These New Beer Labels Make Drinking So Much Less Fun

When it comes to being healthy, there tends to be two types of people in the world.

On one hand, you have the people who keep track of every single calorie that enters their mouths throughout the day.

Then on the other hand, you have the people who would rather not know that they just blindly consumed 5,000 calories in a single sitting.

If you're someone who prefers to take the "ignorance is bliss" approach to your calorie consumption, I have some bad news for you.

Binge drinking is about to become a whole lot less fun. The beer industry just agreed to put those horrifying calorie counts on all of their lbeer and can labels.

Yeah, I know. Talk about sucking all the happy right out of happy hour.

Apparently, the country's biggest brewers, Anheuser-Busch InBev, Constellation Brands, MillerCoors and Heineken, have agreed to include nutrition facts on their labels that will provide beer drinkers with info regarding calories, carbs, fat, alcohol content and a product freshness.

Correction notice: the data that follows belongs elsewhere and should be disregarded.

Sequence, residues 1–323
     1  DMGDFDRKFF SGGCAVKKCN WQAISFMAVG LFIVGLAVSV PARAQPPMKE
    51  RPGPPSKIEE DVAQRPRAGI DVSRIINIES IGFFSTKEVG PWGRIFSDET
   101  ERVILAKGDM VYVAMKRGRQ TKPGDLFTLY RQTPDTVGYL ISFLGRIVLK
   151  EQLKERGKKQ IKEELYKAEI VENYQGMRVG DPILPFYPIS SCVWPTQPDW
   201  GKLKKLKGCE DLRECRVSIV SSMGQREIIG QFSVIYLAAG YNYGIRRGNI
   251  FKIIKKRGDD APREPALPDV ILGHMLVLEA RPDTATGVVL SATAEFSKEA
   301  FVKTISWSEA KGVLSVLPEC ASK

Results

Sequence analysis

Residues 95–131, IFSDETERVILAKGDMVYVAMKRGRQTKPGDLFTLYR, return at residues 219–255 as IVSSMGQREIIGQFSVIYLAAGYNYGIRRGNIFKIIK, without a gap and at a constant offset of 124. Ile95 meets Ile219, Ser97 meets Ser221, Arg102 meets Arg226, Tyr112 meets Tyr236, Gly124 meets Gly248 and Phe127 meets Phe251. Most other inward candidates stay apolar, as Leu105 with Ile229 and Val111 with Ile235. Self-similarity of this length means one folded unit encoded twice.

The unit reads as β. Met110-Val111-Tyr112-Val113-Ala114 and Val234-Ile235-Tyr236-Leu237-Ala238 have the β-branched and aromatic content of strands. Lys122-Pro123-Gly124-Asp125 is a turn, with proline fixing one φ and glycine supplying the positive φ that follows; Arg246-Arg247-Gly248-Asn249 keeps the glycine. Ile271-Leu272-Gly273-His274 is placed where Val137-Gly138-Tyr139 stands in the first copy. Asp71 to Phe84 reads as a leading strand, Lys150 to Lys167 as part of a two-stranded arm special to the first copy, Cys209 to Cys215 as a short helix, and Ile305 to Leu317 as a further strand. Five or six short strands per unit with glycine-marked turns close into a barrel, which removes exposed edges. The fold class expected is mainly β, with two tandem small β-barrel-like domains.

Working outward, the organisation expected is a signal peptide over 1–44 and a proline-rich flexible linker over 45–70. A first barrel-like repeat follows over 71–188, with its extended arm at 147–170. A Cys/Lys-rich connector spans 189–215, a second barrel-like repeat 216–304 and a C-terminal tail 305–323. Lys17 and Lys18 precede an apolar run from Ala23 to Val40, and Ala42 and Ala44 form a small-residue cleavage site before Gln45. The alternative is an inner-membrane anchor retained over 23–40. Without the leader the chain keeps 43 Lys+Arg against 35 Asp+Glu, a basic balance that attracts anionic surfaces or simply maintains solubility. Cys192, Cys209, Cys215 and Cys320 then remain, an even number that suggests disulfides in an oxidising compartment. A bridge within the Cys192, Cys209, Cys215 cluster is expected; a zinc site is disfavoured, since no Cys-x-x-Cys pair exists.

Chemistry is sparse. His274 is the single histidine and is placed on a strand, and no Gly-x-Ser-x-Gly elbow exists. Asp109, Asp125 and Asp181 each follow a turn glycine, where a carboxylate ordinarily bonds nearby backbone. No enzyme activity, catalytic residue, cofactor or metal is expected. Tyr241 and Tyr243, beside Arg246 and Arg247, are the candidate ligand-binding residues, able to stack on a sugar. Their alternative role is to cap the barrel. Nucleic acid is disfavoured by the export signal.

The Beer Institute wants breweries to adopt these new labeling practices by the year 2020. However, some companies are planning to roll out labels that comply with these standards right away.

Since, all together, these brewing companies produce over 80 percent of all domestic beers, this new calorie count initiative is expected to be one of the biggest changes the beer industry has seen in quite some time.

But before you decide to drink all of your beers while blindfolded, you should know that there's one little catch to this agreement.

If you take a closer look at the deal, you'll discover that this voluntary initiative doesn't disclose where the nutrition facts have to appear.

This means that beer companies can technically get away with skipping out on the printed nutrition labels, and instead add a QR code to their bottles that connect consumers to a website with the required serving facts.

So, hey, maybe the new labels won't be such a buzz kill after all.

Citations: Beer Industry Agrees to Start Slapping Calorie Counts on Bottles (Grub Street)